The Nio ET5 might be the smallest and cheapest Nio to date but don’t call it the baby Nio. From a driver’s perspective, this is the best Nio yet, and given that it is currently Nio’s best-selling model the car buying public like what it has to offer.
We’ve already seen with Nio’s ET7 and ES7 (EL7) just how good the new second generation Nio cars are and why the Germans should be afraid. It might be easy to dismiss the ET5 as nothing more than a Tesla Model 3 fighter, but it is far more than that and with the brand steadily rolling out in Europe this is going to be Nio’s valuable volume model.
Visually the ET5 looks akin to a smaller version of the ET7 although the stubbier tail is to the detriment of aerodynamics. At 4790mm in length, it is considerably longer than a Model 3 and slightly longer than the standard Audi A4. Overhangs at both the front and rear are minimal.
As with all cars on the NT2.0 platform, the ET5 has the distinctive watchtower of sensors at the top of the windshield consisting of the central Lidar unit flanked on either side by 8 megapixel high resolution cameras.
Unlike the ET7 and ES7, there is no Premier Edition and so prices start at RMB 328,000 (USD 47,600) and you can then choose from various options to configure the car. If you check every option this brings the model up to a much heftier RMB 462,300 (USD 67,120). With many Chinese brands, probably spurred on by Tesla, you can have any color you like so long as you pay extra for it and most offer only one or two standard non-cost options. Luckily Nio is bucking that trend by offering four colors, including the stratosphere blue of our test car, as standard and an additional five hues as cost options. Although our car came with the standard 19-inch wheels it did get the RMB3,500 extra air glow orange brake calipers.
Interior & Infotainment
The interior layout is very much in tune with other second generation Nio models. While not as minimalistic as the interior of the Tesla Model 3/Y I believe the ET5 has far less functionality trade off. Not only do you have a dedicated 10.2-inch instrument panel but you also have a shortcut button on the central console to select drive mode and another to unlock the doors.
One thing I was less happy about was the loss of the head up display from the car. Another noticeable omission is the Karuun material. Made from sustainable rattan wood we had thought this was a Nio signature but it seems reserved for the more expensive models. Furthermore, the SOS button is unmarked and looks as if it controls something to do with the roof – which led to an awkward call!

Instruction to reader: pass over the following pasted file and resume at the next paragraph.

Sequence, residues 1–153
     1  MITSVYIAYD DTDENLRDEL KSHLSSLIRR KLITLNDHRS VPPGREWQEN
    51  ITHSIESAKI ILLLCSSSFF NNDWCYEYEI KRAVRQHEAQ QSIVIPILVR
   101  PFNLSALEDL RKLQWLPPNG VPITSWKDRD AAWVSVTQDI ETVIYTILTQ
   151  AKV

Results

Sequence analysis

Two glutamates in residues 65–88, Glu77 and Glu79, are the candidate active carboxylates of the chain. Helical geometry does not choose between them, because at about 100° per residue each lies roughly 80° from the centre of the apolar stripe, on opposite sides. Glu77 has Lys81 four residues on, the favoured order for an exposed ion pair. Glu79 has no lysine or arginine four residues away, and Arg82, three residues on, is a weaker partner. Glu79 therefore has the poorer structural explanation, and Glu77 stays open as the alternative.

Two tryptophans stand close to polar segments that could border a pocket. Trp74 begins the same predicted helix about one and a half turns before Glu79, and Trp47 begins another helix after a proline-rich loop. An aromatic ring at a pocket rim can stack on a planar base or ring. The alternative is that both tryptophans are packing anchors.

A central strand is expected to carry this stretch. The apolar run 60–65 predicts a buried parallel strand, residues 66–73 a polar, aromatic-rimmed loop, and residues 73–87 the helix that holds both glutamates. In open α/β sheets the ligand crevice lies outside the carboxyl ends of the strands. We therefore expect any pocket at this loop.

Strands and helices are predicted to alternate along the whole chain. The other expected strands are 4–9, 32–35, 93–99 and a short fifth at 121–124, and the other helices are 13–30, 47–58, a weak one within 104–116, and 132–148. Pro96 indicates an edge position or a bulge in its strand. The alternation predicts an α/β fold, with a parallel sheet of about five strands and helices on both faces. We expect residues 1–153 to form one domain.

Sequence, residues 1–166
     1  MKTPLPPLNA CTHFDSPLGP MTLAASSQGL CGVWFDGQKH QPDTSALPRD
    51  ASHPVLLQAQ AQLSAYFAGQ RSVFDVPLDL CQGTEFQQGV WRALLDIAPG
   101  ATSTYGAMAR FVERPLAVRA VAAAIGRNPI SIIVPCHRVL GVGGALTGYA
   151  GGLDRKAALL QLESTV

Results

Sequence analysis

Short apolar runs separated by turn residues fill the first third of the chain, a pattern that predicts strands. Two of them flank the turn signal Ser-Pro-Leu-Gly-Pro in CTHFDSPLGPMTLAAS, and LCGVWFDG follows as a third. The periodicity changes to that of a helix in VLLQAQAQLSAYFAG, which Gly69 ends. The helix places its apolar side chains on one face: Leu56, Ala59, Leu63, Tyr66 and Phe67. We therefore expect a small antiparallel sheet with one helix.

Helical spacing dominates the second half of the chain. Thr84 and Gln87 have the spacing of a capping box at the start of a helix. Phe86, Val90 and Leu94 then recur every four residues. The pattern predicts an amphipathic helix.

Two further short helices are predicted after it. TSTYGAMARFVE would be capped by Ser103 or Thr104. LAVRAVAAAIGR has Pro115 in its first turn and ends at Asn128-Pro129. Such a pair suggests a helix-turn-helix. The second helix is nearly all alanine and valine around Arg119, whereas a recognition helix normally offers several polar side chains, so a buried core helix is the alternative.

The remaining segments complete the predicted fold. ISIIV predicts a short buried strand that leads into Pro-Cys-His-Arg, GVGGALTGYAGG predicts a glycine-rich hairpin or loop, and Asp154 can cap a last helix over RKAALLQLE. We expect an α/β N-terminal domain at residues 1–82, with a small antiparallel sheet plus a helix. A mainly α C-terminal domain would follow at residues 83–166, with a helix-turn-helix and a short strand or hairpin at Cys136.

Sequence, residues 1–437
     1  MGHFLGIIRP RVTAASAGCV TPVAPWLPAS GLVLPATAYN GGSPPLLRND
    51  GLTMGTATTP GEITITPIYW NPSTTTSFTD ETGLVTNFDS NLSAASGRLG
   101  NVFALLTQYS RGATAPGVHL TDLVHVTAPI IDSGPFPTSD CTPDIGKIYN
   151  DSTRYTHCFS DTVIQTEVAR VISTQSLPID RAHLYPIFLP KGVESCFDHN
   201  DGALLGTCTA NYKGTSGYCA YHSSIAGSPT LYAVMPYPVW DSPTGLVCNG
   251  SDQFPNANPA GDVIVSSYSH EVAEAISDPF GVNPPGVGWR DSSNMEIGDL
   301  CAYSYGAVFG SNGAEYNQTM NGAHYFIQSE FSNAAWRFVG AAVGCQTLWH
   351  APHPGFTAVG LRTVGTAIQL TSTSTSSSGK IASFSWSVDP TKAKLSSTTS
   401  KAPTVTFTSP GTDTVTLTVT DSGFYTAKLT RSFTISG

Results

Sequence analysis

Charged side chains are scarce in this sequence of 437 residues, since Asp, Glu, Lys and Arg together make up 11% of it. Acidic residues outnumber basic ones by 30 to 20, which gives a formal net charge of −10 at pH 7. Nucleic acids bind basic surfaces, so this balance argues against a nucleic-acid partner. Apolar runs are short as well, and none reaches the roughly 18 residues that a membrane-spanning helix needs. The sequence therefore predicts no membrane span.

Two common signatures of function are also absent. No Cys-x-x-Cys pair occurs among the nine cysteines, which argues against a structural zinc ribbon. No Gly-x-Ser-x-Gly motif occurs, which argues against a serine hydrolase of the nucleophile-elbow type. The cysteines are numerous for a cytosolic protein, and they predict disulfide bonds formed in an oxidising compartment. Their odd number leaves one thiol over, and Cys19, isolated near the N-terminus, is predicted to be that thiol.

The standard ET5 gets Haptex synthetic leather upholstery but our car had the RMB 22,500 (USD 3 270) Nappa leather pack which also adds microfiber headlining. If you want ventilation and massage function to add to front seat heating that will set you back an additional RMB9,500 and it will additionally add a fragrance dispenser and heating for the steering wheel and rear seats.
Speaking of those rear seats headroom is pretty tight – at 1.75m my head was resting against the roof. Hopefully, when the wagon version of the ET5 launches it won’t suffer from such a problem as legroom is actually respectable, the wheelbase of the ET5 being 2,888mm.
As pioneered by Tesla with its Giga Press Nio is now also using single-piece castings for the rear underbody. Along with reducing weight and increasing rigidity Nio says this creates an additional seven liters of trunk space giving a total of 381 which can be expanded thanks to the 60/40 folding rear seat. The tailgate is electric and uses more premium gas-strut hinges rather than space hungry goose-neck ones.
Most car functions are controlled via the central 12.8-inch AMOLED display. Last year Nio introduced English to Chinese market vehicles but as our tests of the ET7 and ES7 were of pre-production vehicles we had yet to experience the system. Nio seems to have done a good job with the translation of the menu items into English but where things fall apart is with Nomi, the AI voice control assistant. Nomi struggles to understand or speak any English and most of the time we had to resort to Chinese for voice control of functions such as the massage seats.